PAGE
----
“I think it’s pretty clear that if this report is true—and the evidence is solid enough to believe it is—that this first Mac with an ARM chip won’t be the last,” Moren writes. “But at the same time, it doesn’t mean that Apple’s about to throw the x86 architecture to the side and put all its chips — if you’ll pardon the expression — on ARM.”
“The A10 chip in the iMac Pro seems to be relegated to certain specific functions, though we don’t know all the details of its responsibilities yet. Secure boot has been mentioned as one task, which would also have the side effect of making it harder to run macOS on unauthorized hardware. But the other prominent feature that the A10 apparently handles is “Hey Siri” functionality for the Mac,” Moren writes. “But this is all just the start.”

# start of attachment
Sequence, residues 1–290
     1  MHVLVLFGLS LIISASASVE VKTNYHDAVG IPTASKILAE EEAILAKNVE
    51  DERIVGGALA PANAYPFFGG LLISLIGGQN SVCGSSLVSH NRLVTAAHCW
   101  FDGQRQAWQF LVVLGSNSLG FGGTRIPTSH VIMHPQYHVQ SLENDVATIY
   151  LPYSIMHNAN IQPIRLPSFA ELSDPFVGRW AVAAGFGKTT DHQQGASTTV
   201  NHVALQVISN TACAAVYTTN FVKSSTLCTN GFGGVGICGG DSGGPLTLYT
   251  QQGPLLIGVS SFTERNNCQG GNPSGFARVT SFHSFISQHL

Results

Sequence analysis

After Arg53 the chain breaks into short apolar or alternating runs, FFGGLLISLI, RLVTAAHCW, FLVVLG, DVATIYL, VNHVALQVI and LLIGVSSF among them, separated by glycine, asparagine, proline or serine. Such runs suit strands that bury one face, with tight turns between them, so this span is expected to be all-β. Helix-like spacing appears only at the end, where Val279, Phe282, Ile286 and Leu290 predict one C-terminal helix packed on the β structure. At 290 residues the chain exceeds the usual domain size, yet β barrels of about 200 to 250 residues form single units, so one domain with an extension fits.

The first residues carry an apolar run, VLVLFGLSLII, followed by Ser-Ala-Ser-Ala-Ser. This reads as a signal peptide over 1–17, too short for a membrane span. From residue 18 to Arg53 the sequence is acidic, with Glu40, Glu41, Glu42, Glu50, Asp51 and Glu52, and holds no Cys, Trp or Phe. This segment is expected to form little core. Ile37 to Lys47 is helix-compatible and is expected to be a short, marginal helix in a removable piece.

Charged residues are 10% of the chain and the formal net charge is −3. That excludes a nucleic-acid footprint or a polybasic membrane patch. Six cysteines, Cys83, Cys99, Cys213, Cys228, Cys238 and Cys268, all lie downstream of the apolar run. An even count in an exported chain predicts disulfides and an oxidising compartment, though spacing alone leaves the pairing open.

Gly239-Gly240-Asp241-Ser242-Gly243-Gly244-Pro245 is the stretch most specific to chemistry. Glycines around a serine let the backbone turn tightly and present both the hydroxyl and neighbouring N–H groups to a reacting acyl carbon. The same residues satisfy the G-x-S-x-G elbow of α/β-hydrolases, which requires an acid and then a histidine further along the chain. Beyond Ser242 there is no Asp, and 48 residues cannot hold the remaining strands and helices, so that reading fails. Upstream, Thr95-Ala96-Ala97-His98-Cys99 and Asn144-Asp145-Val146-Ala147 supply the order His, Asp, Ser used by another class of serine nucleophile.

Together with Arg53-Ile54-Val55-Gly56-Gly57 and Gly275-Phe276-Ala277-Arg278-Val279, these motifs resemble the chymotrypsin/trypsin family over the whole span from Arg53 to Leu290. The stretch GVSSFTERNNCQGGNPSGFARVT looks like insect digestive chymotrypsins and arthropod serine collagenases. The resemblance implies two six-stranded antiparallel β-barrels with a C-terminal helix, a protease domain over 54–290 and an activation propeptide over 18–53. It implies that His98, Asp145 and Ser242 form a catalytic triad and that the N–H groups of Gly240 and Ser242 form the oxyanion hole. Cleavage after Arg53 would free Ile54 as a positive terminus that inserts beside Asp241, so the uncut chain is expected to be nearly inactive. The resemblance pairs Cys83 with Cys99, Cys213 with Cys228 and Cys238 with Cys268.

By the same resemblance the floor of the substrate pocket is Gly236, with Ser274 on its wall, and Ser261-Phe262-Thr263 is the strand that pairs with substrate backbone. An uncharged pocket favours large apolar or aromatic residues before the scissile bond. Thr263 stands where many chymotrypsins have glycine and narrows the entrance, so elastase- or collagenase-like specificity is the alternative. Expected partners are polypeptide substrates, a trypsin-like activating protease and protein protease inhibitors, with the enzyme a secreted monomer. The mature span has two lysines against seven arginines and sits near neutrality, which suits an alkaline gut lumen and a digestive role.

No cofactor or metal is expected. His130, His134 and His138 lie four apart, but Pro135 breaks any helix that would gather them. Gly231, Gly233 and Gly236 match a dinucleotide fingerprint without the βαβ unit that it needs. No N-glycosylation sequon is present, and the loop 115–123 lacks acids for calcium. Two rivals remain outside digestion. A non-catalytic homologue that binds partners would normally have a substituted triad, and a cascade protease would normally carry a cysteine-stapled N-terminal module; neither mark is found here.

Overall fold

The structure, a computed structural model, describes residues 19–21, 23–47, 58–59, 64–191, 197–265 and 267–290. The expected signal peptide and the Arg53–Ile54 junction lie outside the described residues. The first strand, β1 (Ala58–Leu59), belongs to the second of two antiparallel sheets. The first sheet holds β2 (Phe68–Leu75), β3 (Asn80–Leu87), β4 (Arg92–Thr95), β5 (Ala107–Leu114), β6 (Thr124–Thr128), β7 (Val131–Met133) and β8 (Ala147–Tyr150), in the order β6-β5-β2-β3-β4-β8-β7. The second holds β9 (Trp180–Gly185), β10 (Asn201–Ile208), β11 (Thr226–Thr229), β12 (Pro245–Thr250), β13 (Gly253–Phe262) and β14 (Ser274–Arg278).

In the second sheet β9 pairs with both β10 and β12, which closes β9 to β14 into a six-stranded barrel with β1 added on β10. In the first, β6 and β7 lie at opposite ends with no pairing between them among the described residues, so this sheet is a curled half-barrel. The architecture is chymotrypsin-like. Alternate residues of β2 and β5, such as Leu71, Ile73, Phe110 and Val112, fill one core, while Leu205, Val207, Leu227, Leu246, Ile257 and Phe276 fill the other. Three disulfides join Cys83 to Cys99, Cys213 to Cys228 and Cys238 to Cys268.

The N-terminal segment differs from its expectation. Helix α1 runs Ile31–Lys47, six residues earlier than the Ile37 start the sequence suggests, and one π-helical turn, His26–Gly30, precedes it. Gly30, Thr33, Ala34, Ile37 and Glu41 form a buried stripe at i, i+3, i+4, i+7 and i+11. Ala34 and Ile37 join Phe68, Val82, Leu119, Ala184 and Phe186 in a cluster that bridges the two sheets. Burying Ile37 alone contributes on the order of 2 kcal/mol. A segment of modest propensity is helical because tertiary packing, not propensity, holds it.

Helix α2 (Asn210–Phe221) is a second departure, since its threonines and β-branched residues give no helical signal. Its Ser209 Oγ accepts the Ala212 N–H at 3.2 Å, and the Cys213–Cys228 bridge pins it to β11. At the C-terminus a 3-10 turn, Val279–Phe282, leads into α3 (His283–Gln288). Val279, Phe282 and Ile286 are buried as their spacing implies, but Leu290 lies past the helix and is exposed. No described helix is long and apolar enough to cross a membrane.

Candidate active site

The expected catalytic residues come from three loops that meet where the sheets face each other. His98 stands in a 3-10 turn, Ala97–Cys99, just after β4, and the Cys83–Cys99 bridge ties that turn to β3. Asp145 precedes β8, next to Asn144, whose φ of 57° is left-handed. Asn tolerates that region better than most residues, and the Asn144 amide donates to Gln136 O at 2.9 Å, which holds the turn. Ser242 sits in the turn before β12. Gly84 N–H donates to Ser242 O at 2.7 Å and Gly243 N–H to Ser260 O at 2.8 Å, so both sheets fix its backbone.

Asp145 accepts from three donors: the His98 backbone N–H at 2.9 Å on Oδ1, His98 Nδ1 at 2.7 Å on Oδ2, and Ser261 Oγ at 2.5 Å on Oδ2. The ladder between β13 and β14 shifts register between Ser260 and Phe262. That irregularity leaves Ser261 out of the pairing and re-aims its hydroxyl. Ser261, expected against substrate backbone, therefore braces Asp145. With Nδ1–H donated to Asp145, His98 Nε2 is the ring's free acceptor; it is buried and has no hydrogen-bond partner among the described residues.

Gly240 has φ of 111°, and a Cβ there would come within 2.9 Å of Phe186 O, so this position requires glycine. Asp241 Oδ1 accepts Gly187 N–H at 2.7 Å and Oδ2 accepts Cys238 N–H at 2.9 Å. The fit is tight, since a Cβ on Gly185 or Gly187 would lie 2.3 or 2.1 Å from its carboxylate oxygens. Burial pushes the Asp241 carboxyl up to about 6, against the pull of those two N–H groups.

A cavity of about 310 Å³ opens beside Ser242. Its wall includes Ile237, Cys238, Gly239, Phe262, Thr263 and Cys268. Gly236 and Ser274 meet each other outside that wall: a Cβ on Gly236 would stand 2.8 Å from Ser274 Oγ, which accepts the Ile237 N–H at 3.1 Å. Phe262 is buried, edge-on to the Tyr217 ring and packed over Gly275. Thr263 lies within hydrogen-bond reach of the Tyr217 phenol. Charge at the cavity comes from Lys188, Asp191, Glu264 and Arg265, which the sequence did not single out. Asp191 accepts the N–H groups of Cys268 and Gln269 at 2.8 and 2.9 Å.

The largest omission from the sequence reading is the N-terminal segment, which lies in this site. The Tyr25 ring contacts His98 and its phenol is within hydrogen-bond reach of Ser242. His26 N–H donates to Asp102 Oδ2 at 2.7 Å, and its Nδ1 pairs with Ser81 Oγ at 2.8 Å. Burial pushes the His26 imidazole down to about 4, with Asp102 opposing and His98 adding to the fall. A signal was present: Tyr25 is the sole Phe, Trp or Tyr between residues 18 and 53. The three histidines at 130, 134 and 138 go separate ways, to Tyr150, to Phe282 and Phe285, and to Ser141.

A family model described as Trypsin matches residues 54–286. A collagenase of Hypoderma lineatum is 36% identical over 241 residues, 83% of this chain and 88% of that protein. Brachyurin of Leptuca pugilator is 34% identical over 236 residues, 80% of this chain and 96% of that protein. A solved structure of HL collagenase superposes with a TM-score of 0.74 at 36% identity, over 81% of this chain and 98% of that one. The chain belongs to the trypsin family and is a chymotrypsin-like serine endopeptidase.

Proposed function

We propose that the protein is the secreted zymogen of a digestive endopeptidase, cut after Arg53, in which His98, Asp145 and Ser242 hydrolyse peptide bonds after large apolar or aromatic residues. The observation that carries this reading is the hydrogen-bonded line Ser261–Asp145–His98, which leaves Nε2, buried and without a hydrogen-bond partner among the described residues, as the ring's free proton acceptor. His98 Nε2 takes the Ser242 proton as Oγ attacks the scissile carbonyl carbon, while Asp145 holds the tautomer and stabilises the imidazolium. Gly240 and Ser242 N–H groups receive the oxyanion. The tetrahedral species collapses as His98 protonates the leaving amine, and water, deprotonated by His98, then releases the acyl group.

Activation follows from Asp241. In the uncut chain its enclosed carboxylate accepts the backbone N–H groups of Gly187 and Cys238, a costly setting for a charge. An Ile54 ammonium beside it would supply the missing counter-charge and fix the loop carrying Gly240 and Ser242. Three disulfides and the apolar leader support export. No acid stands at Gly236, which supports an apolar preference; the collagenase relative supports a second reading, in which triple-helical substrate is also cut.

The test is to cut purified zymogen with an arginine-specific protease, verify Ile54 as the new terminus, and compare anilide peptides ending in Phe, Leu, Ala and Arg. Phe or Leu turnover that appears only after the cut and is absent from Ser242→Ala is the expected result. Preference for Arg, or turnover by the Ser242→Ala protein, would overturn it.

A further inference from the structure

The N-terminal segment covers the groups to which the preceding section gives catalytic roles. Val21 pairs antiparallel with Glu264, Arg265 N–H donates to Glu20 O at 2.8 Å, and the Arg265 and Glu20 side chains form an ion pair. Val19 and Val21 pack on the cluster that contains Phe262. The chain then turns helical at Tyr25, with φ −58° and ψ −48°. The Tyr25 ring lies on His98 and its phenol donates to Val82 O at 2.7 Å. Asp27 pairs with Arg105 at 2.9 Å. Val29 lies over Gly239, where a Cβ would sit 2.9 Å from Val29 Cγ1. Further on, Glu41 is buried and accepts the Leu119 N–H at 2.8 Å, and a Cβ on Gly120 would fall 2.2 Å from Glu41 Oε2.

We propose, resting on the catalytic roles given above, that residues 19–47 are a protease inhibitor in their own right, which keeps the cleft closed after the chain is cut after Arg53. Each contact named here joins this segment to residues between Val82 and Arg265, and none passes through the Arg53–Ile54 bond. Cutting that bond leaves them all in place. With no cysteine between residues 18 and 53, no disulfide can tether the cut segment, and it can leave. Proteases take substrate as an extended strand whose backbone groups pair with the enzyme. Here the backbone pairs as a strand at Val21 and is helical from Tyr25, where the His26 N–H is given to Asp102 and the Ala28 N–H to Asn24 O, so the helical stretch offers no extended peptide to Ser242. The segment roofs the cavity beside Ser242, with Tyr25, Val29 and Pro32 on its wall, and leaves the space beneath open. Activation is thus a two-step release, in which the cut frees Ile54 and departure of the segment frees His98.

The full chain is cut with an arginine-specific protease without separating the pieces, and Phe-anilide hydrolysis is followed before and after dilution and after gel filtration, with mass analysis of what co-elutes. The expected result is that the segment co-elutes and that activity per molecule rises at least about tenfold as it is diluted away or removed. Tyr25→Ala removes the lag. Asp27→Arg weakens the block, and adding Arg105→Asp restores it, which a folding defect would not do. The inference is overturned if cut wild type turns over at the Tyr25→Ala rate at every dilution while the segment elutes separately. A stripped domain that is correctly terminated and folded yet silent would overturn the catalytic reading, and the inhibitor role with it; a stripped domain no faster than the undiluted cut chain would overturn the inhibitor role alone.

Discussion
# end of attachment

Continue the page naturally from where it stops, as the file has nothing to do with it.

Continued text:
Read more in the full article here.
MacDailyNews Take: Also, as A-series chips proliferate across the Mac family and they become intrinsic to macOS operation, the “hackintosh” will be relegated to history.
• I’ve always wanted to own and control the primary technology in everything we do. — Steve Jobs, October 12, 2004
• In order to build the best products, you have to own the primary technologies. Steve felt that if Apple could do that — make great products and great tools for people — they in turn would do great things. He felt strongly that this would be his contribution to the world at large. We still very much believe that. That’s still the core of this company. — Apple CEO Tim Cook, March 18, 2015
Apple’s iMac Pro could include mobile connectivity for ‘always on’ theft protection – November 21, 2017
Why does iMac Pro have an Apple A10 Fusion chip inside? – November 20, 2017